Social Security Disability Requirements and Eligibility
Are you unsure whether you meet the criteria for Social Security Disability Insurance (SSDI)?
Understanding the Social Security disability requirements can help you get the benefits you deserve, and our attorneys have the experience and resources you need to fight for them.
At the law offices of Goldberg Finnegan, we offer FREE case consultations to SSDI applicants, whether you just need help filing or want to appeal your decision and we are ready to help you today.
To learn more about how we can help, fill out the online evaluation form, or call Goldberg Finnegan at 301-589-2999 and let us review the details of your application.
Your first consultation is FREE and we only get paid when we obtain a recovery for your claim.
Social Security Disability Requirements for Adults and Children
Many may believe that SSDI benefits are only for adults, but the Social Security Administration extends some benefits to children who are disabled once they have turned 18.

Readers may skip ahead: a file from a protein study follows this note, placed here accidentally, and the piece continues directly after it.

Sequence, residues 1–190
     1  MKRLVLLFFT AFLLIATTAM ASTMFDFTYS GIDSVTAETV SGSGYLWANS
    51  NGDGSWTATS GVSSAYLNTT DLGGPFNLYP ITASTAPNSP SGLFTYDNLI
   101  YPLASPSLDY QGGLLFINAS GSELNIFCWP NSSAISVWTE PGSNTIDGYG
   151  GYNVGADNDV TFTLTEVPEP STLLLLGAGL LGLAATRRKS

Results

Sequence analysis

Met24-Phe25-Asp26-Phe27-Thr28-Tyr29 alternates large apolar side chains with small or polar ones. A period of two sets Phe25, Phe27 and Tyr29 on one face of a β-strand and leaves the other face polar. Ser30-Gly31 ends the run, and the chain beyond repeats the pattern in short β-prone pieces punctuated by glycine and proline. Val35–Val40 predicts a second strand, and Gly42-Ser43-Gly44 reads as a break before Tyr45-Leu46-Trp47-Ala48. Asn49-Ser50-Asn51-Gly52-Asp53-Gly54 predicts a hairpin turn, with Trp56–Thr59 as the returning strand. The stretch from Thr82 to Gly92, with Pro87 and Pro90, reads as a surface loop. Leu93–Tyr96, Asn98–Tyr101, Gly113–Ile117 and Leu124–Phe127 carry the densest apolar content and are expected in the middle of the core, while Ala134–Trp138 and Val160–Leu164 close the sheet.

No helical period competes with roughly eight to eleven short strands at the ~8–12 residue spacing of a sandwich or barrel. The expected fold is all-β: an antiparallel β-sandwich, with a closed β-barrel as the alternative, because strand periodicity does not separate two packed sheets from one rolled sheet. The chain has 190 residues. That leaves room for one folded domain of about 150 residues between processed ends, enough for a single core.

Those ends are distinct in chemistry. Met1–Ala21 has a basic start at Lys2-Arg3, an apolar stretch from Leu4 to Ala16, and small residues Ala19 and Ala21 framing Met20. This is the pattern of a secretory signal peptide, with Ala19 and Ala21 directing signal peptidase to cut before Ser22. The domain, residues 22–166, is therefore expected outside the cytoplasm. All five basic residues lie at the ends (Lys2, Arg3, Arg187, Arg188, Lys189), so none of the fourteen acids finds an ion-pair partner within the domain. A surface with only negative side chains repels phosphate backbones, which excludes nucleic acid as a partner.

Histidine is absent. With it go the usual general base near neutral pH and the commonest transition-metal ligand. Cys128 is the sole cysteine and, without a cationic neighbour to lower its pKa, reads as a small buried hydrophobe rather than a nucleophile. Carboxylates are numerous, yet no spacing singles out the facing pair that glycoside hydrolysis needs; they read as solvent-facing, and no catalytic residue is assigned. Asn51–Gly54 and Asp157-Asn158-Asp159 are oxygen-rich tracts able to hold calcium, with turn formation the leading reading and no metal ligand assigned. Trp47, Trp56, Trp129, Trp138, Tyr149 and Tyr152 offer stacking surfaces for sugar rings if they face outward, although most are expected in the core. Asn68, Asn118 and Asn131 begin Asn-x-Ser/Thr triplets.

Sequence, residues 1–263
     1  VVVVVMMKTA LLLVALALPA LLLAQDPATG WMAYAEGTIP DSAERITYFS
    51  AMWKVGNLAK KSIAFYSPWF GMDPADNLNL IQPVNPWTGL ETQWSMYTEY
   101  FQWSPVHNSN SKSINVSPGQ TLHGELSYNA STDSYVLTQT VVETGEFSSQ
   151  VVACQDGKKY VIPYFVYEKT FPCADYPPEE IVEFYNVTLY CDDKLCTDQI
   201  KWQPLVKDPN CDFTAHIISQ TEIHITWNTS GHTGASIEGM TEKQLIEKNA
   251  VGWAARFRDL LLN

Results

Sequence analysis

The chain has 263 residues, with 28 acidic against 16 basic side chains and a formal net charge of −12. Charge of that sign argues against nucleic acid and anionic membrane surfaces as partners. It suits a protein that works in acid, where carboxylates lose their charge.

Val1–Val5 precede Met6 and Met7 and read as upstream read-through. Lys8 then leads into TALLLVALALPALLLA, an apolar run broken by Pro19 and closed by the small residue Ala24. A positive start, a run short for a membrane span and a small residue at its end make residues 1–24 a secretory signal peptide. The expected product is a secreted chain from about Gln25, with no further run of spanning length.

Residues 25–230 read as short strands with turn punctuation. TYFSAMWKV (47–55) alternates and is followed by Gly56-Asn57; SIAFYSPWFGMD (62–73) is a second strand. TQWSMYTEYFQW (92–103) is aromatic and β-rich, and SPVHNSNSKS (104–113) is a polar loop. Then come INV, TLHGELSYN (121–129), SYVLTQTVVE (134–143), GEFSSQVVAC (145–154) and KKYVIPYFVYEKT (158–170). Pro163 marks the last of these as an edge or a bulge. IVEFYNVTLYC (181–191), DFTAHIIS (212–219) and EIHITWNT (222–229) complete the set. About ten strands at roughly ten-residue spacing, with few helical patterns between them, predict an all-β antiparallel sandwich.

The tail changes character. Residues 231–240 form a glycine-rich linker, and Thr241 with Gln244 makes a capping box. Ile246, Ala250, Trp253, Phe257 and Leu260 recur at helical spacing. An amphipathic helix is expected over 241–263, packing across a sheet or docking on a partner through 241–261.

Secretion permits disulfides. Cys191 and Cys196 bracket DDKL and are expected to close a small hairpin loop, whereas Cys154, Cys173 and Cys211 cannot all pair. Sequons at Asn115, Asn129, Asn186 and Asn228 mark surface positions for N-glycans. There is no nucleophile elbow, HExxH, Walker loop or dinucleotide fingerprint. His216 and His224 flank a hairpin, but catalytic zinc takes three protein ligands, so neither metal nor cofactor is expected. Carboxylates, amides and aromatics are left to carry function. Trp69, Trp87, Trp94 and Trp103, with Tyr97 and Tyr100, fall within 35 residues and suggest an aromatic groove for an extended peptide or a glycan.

Not sure if you are eligible to receive disability benefits?
Learn about the specific requirements for both types of SSDI recipients below.
Adult SSDI Qualifying Factors
Having a condition that the Social Security Administration considers to be disabling is crucial to receiving Social Security Disability Insurance benefits. Adults seeking SSDI must:
- Be unable to perform the work they had done previously;
- Have made sufficient payments into Social Security through employment;
- Be unable to adjust to other types of work because of their condition;
- Have a disabling condition that is expected to last one year or longer or result in death.
Child SSDI Qualifying Factors
Children can receive SSDI benefits on a parents record in two instances as long as the following requirements are met:
- The child is not married and is under 18 years old; or
- The child is under 19, enrolled full time as a student in a secondary school; or
- The child is disabled and the impairment began before the child turned 22.
In some cases, grandchildren whose biological parents are deceased or disabled may be eligible for SSDI benefits if the grandparent provides regular support.
The administrations definition of a disabling illness may be different than other programs, however, and it only pays for total disability, not partial or short-term.
For questions about receiving SSDI benefits, whether for an adult or a child, contact Goldberg Finnegan today.